In its e-mail dated February 1, which Lipsits forwarded to RFE/RL, Vita-Press recommended that the author add details about unspecified "plans for the next economic breakthrough" and discuss the influence of the government's import substitution -- a campaign launched after Russia embargoed certain food imports in response to Western sanctions - - on people's "sense of pride in the country." Vita-Press head Lyudmila Antonova confirmed in an interview with the Russian daily Kommersant that the recommendations included in the letter came at least in part from the expert review. What exactly "facilitating love for the Motherland" involved, or when the next economic breakthrough was expected, was not made clear.

Lipsits said that the textbook had previously passed expert reviews by two government bodies, but the subsequent review ordered by the Education Ministry reached a negative verdict and demanded that revisions are made. The Russian Education Academy told Kommersant that the Education Ministry was responsible for the expert analysis. The ministry, for its part, denied involvement in the final review. Lipsits said he has no intention of adding "gleeful words about an economic boom and patriotic fervor in favor of import substitution.""I've become unused to writing such things in the 25 years" since the Soviet Union ended, he told Kommersant, "and I'm not keen to revive my skills at windbaggery."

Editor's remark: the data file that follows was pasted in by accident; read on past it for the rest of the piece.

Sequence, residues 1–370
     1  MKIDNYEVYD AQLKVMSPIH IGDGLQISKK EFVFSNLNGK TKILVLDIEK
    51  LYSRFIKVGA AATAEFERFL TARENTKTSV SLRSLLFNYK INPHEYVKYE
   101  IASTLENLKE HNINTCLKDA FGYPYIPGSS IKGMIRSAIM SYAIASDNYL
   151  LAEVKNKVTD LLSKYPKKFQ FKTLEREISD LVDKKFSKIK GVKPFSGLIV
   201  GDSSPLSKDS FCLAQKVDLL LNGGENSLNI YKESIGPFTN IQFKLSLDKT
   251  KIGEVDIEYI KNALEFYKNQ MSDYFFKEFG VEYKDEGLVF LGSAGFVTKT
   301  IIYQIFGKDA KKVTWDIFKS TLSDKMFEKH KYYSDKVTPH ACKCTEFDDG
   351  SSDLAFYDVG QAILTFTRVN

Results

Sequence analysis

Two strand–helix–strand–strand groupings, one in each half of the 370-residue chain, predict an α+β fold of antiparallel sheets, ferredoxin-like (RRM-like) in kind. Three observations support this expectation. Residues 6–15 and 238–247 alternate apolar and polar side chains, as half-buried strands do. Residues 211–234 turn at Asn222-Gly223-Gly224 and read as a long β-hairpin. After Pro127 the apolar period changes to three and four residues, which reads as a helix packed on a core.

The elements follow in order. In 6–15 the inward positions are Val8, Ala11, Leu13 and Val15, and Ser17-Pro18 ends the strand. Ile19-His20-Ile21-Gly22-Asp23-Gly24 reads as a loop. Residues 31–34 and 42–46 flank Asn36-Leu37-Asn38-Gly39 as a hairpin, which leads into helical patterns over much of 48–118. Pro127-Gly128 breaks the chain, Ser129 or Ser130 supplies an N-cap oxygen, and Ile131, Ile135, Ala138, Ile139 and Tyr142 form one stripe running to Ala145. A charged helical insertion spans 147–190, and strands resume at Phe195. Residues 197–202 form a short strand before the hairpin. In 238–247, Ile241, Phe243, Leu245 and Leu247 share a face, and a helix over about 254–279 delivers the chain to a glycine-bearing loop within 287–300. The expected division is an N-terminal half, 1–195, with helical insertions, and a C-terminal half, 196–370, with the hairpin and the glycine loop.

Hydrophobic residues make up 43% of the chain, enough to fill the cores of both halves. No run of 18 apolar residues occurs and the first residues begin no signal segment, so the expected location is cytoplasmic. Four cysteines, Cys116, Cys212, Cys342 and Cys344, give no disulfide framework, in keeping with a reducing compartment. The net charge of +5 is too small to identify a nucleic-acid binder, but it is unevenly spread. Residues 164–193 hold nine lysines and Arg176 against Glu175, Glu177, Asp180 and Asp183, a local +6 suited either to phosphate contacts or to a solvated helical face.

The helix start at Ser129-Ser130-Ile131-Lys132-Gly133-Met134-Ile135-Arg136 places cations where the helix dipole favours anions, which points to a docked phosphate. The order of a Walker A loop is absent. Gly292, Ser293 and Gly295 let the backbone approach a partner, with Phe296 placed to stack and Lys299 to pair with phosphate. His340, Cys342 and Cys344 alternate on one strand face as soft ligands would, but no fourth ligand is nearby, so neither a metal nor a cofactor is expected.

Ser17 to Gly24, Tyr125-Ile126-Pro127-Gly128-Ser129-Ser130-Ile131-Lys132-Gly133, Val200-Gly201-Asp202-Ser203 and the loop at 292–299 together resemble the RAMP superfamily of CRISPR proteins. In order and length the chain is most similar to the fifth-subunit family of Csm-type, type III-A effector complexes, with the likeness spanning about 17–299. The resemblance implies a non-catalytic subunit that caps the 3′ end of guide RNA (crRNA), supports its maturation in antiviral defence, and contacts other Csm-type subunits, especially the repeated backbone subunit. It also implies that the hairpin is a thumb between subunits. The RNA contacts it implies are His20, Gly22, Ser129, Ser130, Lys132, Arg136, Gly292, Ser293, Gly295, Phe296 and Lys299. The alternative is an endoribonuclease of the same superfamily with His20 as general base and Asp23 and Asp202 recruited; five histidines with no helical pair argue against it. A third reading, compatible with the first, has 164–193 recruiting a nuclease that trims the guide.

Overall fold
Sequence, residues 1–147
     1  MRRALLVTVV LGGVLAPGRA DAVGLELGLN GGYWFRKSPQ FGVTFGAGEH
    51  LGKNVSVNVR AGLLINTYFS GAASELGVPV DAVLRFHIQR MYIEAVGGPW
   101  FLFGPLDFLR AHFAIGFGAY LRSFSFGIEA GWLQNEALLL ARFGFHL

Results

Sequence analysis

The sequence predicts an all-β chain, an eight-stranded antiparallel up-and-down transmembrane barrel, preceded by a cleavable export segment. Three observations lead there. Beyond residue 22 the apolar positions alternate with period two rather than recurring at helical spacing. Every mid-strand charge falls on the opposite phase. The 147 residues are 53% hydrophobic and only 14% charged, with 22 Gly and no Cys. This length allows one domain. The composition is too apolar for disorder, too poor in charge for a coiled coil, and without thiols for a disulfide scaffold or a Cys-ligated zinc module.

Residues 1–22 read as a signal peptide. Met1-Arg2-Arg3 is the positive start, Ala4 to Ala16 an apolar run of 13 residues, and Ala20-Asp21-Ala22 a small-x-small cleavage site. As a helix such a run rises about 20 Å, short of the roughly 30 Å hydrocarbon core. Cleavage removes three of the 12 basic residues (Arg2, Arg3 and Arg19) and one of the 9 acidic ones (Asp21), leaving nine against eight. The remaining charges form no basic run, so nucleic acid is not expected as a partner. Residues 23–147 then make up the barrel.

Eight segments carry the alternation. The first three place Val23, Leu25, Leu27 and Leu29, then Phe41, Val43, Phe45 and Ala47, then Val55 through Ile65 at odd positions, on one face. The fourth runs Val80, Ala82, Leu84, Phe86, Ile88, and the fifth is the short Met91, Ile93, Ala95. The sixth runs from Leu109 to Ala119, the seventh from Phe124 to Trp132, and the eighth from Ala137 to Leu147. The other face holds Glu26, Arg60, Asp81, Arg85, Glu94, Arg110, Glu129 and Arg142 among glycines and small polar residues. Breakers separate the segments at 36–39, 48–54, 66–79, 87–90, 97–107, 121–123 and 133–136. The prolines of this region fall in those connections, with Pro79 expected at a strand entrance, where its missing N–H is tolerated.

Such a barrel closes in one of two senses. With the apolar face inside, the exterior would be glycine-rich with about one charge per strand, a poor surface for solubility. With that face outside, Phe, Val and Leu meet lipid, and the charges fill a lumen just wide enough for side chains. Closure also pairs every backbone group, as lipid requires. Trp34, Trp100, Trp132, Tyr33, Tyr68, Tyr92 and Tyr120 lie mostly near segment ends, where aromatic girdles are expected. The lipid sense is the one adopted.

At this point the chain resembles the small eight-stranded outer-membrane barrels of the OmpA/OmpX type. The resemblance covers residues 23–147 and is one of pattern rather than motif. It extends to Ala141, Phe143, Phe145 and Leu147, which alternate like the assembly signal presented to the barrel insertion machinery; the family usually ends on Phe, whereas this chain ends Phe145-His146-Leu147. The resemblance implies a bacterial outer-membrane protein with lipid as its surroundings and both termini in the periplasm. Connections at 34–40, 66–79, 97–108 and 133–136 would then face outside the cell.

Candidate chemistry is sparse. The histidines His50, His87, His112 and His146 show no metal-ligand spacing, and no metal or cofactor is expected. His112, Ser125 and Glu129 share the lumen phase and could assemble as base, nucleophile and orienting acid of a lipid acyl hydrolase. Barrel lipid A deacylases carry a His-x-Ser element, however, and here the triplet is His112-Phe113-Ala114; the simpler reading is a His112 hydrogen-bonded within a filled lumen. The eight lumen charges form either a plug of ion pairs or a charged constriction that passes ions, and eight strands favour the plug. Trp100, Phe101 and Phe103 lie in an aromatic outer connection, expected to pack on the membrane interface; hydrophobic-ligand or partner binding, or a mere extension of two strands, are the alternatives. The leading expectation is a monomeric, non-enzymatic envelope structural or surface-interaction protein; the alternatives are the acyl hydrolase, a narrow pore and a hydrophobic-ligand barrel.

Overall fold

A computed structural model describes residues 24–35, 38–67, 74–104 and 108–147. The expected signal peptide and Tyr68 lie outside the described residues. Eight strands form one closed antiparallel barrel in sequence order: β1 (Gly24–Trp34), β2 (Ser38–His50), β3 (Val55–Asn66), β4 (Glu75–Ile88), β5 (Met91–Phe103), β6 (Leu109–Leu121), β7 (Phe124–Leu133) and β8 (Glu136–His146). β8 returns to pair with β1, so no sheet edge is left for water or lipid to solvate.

"My conception of patriotism was formed way back in my youth," he later wrote on Facebook. "  Since 2012, the Russian Education Ministry has overseen a campaign to censor high-school textbooks and introduce stricter controls over their content. Enlightenment, a publisher with ties to Putin's inner circle, emerged with a near-monopoly over the textbook market that it continues to enjoy today.  In May 2018, Russian Textbook, a nonprofit representing textbook publishers, sent an open letter to Russian President Vladimir Putin signed by several dozen authors. The association lists around 30 publishers as its members, but does not include Enlightenment. In the letter, the authors criticized the government's expert review process, pointing out that the federal textbook list has not been renewed for over four years and most titles on the list have not been updated since 2012.

Concluding its e-mail to Lipsits, the publisher Vita-Press predicted that the Education Ministry's demands from textbook authors would only get stricter in the future.

With regards – S. Sampathkumar
11th Feb 2019.
Pic credit : financial express
Article credit:

No comments:

Post a Comment